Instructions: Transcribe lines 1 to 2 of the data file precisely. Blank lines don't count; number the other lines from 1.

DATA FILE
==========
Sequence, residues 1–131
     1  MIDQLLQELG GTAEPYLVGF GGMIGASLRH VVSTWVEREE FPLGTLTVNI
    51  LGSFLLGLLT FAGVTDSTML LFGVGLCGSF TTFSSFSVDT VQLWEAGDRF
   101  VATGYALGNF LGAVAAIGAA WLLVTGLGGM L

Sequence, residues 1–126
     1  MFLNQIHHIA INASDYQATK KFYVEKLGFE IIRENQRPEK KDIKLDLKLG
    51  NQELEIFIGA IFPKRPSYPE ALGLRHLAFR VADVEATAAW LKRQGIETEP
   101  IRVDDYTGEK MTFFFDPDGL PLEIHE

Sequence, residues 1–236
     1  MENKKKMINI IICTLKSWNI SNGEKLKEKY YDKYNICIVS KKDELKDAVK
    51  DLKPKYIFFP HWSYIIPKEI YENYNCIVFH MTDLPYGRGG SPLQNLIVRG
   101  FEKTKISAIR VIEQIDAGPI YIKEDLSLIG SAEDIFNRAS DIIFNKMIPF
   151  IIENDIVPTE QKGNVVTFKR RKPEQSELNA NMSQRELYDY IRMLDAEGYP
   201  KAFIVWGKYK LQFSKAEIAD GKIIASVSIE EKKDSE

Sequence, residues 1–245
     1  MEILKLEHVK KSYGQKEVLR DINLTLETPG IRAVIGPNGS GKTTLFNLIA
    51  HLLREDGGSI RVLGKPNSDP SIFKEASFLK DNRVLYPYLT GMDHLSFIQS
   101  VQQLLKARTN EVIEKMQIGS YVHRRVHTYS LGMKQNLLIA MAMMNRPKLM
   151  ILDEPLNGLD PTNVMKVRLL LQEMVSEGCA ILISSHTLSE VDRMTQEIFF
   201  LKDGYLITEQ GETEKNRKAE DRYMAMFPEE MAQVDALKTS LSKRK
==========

Sequence, residues 1–131
     1  MIDQLLQELG GTAEPYLVGF GGMIGASLRH VVSTWVEREE FPLGTLTVNI